Two of the world’s largest accounting firms are members of a lobby group that is taking legal action against the Obama administration’s signature climate change policy, Energydesk can reveal.
Despite publicly supporting the President’s Clean Power Plan, which will curb power plant carbon emissions, Ernst & Young (EY) and the US branch of PricewaterhouseCoopers (PwC) remain members of a trade group suing to block it.
Both have refused to comment on the lawsuit or quit the lobby group, even though this week car giant Volvo announced its intention to do just that.
This is particularly embarrassing for PwC, which is loudly pro-climate action and has even sponsored many events around the Paris summit.
In a statement, the National Mining Association (NMA) said the plan could cause “immediate and substantial harm” by forcing the closure of coal power plants across the US.
Its lawsuit is one of a number filed against Obama’s environmental rules in what appears to be a coordinated attack by conservative groups and the fossil fuel companies on the Environmental Protection Agency (EPA) and its power to regulate emissions.
The Clean Power Plan is one of Obama’s key accomplishments, and is the foundation of international climate change negotiations at the Paris summit and with the Chinese government in particular.
Without it, the White House would be unable to deliver any climate commitments it has made or will make.
Dilemma for NMA members
PwC and EY’s ties to the lawsuit raises questions over whether the two accounting giants actually support climate action in the US.
It would appear as though PwC do, with its US branch signing up to the ‘American Business Act on Climate Pledge’ and its international branch signing up to an open letter calling for “an ambitious climate deal at COP21″.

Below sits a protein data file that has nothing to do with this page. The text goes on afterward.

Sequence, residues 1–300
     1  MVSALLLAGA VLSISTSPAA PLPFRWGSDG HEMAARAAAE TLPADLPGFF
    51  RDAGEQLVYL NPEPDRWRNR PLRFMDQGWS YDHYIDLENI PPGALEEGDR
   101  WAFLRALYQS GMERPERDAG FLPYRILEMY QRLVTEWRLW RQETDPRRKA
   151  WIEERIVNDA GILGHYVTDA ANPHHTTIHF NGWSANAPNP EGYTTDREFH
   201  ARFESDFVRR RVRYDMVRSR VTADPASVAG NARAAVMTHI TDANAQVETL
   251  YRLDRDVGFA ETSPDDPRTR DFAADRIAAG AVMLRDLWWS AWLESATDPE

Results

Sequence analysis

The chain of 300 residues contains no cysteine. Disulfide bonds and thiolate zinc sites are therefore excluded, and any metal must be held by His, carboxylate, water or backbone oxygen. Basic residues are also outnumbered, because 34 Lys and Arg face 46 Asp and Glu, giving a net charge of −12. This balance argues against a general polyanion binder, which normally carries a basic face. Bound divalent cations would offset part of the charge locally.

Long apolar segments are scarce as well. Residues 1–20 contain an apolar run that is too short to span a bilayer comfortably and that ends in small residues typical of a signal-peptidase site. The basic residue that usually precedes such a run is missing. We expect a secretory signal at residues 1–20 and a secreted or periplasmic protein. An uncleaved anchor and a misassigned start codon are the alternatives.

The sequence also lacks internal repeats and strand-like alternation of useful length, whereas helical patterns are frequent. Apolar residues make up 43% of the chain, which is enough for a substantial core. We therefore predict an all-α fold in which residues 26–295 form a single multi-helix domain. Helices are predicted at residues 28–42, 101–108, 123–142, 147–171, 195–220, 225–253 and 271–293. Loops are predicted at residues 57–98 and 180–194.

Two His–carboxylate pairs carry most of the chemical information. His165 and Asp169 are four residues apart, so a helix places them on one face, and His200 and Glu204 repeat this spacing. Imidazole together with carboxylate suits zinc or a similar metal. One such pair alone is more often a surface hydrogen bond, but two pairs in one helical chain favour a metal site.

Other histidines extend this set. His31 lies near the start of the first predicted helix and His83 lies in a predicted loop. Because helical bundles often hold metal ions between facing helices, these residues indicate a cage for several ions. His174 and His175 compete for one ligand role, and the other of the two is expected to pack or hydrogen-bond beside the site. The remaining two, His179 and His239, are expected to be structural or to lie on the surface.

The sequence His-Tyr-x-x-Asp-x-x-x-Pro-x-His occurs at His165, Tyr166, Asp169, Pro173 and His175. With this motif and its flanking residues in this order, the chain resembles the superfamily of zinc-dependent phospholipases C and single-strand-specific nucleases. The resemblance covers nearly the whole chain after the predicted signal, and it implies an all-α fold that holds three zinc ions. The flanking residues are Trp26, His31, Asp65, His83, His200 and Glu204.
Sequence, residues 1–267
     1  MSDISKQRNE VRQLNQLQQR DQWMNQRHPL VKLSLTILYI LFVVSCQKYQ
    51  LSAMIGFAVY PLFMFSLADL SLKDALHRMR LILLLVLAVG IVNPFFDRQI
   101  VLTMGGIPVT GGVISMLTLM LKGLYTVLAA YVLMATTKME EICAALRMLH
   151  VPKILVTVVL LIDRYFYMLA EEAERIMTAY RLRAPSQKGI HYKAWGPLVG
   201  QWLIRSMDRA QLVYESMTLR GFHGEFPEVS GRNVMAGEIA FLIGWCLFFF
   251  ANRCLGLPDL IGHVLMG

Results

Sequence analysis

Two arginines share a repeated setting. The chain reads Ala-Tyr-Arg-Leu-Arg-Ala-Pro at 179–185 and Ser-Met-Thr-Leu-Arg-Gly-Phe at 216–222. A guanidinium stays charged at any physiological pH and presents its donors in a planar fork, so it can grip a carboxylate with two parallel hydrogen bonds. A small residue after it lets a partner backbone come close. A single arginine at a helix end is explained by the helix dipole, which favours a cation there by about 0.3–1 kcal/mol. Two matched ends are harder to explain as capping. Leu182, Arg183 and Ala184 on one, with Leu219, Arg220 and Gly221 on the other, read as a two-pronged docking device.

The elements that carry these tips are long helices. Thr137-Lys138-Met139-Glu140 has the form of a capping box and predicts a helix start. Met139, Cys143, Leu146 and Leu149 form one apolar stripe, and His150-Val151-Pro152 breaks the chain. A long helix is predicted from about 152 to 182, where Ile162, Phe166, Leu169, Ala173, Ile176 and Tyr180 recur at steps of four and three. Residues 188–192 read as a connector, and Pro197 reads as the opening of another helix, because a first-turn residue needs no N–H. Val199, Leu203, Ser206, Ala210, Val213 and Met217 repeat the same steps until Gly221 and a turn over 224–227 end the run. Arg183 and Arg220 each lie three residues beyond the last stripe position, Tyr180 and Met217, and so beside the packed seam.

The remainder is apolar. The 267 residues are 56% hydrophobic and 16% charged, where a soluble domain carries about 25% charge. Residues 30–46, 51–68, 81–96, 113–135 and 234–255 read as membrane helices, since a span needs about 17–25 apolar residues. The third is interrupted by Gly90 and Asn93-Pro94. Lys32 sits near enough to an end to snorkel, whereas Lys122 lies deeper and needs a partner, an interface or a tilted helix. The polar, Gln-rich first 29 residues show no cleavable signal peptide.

EY meanwhile has previously referred to the Clean Power Plan glowingly, calling it “arguably its most comprehensive and far-reaching emissions reduction legislation to date, with the potential to significantly increase renewable energy deployment over the next 15 years”.
Chinese-owned car company Volvo and Swedish manufacturer SKF this week said that they will exit the NMA due to its longstanding opposition to action on climate change.
German engineering giant Siemens, another prominent member of the lobby group, has moved to distance itself from the case.
It said: “Siemens does not support the position of the NMA for the Clean Power Plan.
“This does not mean that we therefore terminate our membership in the association. We can use our association membership to advertise in the industry for the use and development of climate-friendly and green technologies ”
Just the other day American Electric Power, one of the largest utilities in the country, announced its intention to quit the American Legislative Exchange Council (ALEC) in order to work towards complying with the Clean Power Plan.
Both PwC and EY confirmed their membership of the group, but declined to comment.